The long-term goal of the proposed research is to understand the mechanisms that regulate the assembly,targeting, and activity of the dynein family of motors in cilia and flagella. We have identified several newgenes involved in the assembly and regulation of dynein motors in Chlamydomonas. We will continue tocapitalize on the highly ordered structural organization of the flagellar axoneme and the ease of geneticanalysis in Chlamydomonas to further characterize these genes and gene products and identify interactingcomponents that regulate dynein activity.
Our specific aims are: (1) To identify the location and function ofeach subunit within the II dynein complex. We have characterized an IC/LC sub-complex that is required for 1 activity and regulation, but not for II assembly. High resolution electron microscopy will be used todetermine the position of each subunit within the axoneme. Biochemical procedures and in vitro slidingassays will also be used to assess the impact of mutations in IC138 phosphorylation sites. Flagellarwaveforms of mutant cells will be analyzed by high speed digital imaging. (2) To identify and characterizeinteractions between components of a dynein regulatory complex (DRC). We have demonstrated that theDRC is an integral part of the nexin link, and we have characterized three DRC subunits as highlyconserved, coiled coil proteins required for assembly of the DRC and associated DHCs. Epitope-taggedconstructs and specific antibody probes will be used to further define the biochemical properties of the DRC,and co-immunoprecipitation and comparative proteomics will be used to identify other DRC components.The role of the DRC in the regulation of microtubule sliding will also be assessed. (3) To characterizecomponents that interact with a cytoplasmic dynein required for retrograde intraflagellar transport (IFT). Wehave identified a novel DIG associated with the retrograde motor. RNA interference and GFP taggedsubunits will be used to characterize its role in intraflagellar transport. We have also identified the FLA4gene product as a conserved TPR repeat protein implicated in human disease and nervous systemdevelopment. Specific antibody probes and epitope tagged constructs will be used to analyze its subcellulardistribution and determine its role in both IFT and flagellar assembly. The studies will provide basicinformation about the organization of dyneins and associated regulatory components in the axoneme andnew insights into the mechanisms that target the dyneins to specific locations and regulate their activities.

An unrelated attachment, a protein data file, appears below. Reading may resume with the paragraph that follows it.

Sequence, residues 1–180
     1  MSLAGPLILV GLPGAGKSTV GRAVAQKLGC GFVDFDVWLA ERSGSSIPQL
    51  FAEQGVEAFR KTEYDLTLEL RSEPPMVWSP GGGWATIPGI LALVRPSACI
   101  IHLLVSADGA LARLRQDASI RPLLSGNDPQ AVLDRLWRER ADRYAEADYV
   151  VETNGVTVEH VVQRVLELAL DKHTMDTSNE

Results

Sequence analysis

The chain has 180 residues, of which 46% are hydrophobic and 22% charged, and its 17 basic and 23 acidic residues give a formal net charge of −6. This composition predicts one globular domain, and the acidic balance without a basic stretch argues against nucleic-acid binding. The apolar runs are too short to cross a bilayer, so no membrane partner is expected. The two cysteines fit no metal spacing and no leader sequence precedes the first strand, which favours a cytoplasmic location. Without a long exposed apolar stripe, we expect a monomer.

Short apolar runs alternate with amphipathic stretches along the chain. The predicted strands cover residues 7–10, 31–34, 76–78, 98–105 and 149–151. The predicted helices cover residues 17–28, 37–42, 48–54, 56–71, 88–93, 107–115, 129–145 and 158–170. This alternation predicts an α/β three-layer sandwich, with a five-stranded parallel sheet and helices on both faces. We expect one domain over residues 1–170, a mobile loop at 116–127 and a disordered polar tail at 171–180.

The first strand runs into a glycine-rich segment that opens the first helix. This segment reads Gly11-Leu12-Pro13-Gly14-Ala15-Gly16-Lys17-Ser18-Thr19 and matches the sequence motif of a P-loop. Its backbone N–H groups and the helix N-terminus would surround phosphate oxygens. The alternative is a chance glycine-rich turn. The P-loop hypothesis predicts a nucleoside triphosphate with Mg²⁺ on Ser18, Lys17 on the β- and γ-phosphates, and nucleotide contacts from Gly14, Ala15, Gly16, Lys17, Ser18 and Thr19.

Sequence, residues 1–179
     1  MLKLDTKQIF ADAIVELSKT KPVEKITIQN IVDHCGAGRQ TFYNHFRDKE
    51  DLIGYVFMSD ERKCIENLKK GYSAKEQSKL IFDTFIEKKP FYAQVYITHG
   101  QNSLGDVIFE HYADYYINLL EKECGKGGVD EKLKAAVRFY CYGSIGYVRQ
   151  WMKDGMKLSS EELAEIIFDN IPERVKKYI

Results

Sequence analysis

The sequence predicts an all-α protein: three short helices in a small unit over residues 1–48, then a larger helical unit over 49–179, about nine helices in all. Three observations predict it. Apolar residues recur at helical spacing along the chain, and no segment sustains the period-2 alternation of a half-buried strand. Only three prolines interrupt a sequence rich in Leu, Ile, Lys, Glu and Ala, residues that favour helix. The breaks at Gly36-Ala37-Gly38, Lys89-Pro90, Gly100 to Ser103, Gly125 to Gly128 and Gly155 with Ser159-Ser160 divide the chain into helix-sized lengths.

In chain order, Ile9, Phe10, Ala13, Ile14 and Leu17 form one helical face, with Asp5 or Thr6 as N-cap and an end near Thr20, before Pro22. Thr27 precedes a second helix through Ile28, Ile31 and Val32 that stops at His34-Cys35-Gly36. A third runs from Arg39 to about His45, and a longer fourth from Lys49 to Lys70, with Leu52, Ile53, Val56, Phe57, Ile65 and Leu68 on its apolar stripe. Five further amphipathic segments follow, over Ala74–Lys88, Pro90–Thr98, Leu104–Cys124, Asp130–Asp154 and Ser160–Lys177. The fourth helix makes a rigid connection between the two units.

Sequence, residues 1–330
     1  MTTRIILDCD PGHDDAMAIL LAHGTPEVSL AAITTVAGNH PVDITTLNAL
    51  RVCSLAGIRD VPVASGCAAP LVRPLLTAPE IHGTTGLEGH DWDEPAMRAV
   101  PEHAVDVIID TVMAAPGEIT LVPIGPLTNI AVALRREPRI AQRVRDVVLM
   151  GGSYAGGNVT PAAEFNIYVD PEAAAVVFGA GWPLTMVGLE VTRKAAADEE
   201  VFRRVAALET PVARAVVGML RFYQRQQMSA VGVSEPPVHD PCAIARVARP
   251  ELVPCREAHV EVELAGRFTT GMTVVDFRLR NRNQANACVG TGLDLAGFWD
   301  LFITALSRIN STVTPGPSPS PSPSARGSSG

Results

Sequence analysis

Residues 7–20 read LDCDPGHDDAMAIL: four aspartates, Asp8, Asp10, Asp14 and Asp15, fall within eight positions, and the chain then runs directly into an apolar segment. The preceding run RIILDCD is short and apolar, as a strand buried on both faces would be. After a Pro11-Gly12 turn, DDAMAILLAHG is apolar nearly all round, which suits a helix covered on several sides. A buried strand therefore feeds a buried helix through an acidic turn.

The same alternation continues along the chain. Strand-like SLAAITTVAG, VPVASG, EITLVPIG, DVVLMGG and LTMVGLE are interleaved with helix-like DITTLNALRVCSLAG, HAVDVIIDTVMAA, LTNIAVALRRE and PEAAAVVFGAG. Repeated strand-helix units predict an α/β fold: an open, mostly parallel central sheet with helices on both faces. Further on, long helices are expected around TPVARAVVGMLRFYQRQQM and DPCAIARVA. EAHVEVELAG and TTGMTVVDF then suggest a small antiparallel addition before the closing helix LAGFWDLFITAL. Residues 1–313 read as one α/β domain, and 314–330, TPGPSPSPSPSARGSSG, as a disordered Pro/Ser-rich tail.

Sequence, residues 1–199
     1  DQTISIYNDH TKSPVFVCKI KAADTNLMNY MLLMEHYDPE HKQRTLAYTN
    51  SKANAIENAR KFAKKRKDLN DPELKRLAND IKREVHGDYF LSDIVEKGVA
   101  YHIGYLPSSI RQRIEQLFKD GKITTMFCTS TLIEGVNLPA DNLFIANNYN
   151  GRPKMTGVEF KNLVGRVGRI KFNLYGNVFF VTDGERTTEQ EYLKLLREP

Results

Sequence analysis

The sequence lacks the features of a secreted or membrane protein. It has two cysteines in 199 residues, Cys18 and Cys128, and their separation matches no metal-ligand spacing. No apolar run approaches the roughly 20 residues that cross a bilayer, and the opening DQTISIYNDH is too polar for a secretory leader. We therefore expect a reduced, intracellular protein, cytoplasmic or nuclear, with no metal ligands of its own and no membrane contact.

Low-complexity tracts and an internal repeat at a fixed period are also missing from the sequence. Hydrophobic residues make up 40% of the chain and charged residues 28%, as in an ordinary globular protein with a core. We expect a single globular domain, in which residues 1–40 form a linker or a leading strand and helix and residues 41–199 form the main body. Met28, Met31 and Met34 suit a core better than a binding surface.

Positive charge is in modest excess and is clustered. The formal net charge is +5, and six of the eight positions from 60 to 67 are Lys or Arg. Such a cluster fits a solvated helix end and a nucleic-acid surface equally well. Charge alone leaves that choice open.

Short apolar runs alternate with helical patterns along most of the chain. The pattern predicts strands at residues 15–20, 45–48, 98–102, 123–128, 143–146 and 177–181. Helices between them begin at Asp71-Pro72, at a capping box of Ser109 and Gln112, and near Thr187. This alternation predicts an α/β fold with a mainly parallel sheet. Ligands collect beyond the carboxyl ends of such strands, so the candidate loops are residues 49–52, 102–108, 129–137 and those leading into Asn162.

Public Health Relevance

Microtubule-based machines are responsible for the determination of cell shape, intracellular transport oforganelles, chromosome separation during mitosis, and beating of cilia and flagella. Defects in the functionof the motor proteins that drive these machines result in defects in nervous system development andfunction, infertility, chronic respiratory disease, polycystic kidney disease, and other developmental defects.Given the critical roles played by cilia and flagella in a wide range of ciliopathies, the proposed studies willhave important implications for diagnostic and therapeutic strategies in the treatment of human disease.

National Institute of Health (NIH)
National Institute of General Medical Sciences (NIGMS)
Method to Extend Research in Time (MERIT) Award (R37)
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Special Emphasis Panel (NSS)
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Gindhart, Joseph G
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University of Minnesota Twin Cities
Schools of Medicine
United States
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Chien, Alexander; Shih, Sheng Min; Bower, Raqual et al. (2017) Dynamics of the IFT machinery at the ciliary tip. Elife 6:
Alford, Lea M; Stoddard, Daniel; Li, Jennifer H et al. (2016) The nexin link and B-tubule glutamylation maintain the alignment of outer doublets in the ciliary axoneme. Cytoskeleton (Hoboken) 73:331-40
Reck, Jaimee; Schauer, Alexandria M; VanderWaal Mills, Kristyn et al. (2016) The role of the dynein light intermediate chain in retrograde IFT and flagellar function in Chlamydomonas. Mol Biol Cell 27:2404-22
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